Yale announced last month that it can no longer support its undergraduate teacher training program, citing high operating costs and low enrollment. UTEP, the counterpart at Harvard, does not face similar financial straits, according to UTEP Associate Director Megan H. Charner-Laird.
“UTEP is a surprisingly inexpensive program to run, since many of its courses piggyback on the Graduate School of Education courses offered for the graduate teacher education program,” Charner-Laird wrote in an e-mail statement. “I think this is a distinct difference between UTEP and Yale’s program.”
Like UTEP at Harvard, Yale’s program gives students the opportunity to earn teacher certification along with an undergraduate degree. About 18 to 25 Yale juniors sign up for courses in the preparation program each year, but few earn certification. Last year three students were certified, and none will be certified this year, according to the Yale Daily News. About 25 students enroll in Harvard’s program each year, Charner-Laird wrote.
Nicole K. Shadeed ’04, a graduate of UTEP, said Harvard tried to recruit more students to the program while she was an undergraduate.
“I had heard whispers when I was there that it wasn’t very popular,” Shaheed said. “I think the big issue is that students aren’t aware that it exists.”
Carla M. Horwitz, who directs the early childhood education program at Yale, said the dean’s office told concerned students that other avenues to the teaching profession were available to them, like Teach for America.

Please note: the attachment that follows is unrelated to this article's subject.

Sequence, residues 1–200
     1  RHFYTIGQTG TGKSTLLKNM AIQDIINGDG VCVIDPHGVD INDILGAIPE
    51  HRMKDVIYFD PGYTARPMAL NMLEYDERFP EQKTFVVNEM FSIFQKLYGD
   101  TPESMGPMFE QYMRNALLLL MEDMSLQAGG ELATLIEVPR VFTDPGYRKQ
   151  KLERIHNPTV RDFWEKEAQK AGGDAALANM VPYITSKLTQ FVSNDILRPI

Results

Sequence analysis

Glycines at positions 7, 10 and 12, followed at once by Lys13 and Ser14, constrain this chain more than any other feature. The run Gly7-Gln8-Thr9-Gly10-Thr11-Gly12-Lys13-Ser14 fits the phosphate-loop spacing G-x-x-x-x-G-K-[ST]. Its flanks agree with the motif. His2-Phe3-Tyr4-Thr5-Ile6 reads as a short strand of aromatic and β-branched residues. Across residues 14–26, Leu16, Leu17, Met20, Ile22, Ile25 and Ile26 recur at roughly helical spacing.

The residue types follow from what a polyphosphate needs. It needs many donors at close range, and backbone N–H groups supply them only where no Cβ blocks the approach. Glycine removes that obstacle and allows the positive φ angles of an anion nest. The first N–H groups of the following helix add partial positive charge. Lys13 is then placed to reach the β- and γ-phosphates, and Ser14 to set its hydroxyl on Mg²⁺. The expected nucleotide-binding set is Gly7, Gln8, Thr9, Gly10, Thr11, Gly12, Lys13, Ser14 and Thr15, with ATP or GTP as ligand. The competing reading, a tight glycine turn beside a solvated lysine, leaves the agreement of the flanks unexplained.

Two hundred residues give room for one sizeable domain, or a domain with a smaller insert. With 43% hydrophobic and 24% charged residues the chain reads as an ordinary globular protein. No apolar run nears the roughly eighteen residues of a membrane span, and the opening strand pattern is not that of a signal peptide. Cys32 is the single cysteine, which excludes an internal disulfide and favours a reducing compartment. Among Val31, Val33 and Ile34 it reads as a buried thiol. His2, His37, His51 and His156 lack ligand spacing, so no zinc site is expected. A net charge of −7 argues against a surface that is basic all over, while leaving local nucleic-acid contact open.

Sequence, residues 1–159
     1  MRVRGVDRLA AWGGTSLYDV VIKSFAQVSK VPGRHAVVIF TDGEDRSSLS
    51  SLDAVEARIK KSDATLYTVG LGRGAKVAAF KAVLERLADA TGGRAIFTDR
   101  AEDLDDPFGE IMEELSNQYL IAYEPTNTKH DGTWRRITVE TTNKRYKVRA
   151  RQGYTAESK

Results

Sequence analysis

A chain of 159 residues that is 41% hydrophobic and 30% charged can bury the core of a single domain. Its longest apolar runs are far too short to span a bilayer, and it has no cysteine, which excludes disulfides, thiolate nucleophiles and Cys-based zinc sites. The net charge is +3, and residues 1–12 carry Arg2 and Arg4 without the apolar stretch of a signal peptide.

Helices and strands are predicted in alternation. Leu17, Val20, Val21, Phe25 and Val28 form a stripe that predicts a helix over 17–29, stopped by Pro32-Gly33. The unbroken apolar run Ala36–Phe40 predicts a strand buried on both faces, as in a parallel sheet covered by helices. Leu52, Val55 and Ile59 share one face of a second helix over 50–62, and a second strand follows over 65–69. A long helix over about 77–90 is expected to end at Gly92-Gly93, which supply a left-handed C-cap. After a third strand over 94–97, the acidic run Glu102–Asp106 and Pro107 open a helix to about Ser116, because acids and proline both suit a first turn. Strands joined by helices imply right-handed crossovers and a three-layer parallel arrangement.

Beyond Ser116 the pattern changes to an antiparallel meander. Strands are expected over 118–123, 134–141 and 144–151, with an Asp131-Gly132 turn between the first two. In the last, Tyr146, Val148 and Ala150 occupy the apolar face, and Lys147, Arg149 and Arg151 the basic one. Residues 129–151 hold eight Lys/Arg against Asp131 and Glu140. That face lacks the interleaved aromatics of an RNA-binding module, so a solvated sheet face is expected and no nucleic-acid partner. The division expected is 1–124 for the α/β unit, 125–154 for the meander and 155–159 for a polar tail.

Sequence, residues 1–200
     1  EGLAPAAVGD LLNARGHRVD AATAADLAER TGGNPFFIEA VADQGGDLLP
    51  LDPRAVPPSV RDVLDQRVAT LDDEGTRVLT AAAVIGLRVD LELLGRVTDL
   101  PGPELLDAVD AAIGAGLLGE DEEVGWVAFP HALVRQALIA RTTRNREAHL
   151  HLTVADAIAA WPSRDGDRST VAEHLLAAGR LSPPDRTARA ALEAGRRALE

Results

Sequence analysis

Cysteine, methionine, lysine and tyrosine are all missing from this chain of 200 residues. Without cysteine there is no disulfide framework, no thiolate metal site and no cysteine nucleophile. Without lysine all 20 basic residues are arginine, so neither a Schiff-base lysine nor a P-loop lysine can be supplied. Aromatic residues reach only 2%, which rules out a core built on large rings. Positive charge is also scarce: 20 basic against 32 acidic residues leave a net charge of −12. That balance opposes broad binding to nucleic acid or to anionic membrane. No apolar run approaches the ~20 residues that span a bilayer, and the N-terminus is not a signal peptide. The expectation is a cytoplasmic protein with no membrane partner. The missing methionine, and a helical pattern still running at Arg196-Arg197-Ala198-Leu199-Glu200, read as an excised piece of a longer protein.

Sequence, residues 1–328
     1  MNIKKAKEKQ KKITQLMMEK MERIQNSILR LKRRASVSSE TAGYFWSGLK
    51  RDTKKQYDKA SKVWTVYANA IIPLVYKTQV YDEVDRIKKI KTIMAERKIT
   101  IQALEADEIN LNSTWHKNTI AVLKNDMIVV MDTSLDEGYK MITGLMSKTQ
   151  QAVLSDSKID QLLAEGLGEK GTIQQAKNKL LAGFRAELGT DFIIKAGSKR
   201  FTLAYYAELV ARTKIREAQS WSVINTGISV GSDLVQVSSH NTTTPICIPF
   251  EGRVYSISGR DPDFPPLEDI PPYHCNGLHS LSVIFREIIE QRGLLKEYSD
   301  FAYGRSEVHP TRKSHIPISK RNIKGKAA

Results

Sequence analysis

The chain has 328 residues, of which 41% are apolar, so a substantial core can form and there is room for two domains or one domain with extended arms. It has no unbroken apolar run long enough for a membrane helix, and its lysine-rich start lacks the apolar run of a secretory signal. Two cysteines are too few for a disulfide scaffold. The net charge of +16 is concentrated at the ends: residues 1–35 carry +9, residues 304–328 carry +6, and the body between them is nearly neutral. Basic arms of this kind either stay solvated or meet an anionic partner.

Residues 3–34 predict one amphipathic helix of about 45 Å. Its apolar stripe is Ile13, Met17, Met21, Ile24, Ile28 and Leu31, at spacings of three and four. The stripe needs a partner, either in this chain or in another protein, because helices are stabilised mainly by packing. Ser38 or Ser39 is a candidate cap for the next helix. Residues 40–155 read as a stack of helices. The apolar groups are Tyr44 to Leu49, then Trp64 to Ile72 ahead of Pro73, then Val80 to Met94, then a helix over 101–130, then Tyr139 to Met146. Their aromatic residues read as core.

Horwitz and Shadeed expressed disappointment about Yale’s decision.
“I think it’s a tragedy,” Horwitz said. “I think there are so many people who have become wonderful teachers and advocates for children through the teacher preparation program.”
Shadeed said UTEP is valuable and should be retained.
“It would definitely be a shame if it was cut,” Shadeed said. “It’s definitely exactly what I was looking for in a program to train me how to be a teacher.”
Both Horwitz and Shadeed said Teach for America does not replicate a traditional teacher preparation course.
“You can’t compare the six weeks of training that TFA can do with a full year of training, doing the coursework, teaching the classes, and leaving with a certification to be a teacher,” Shadeed said.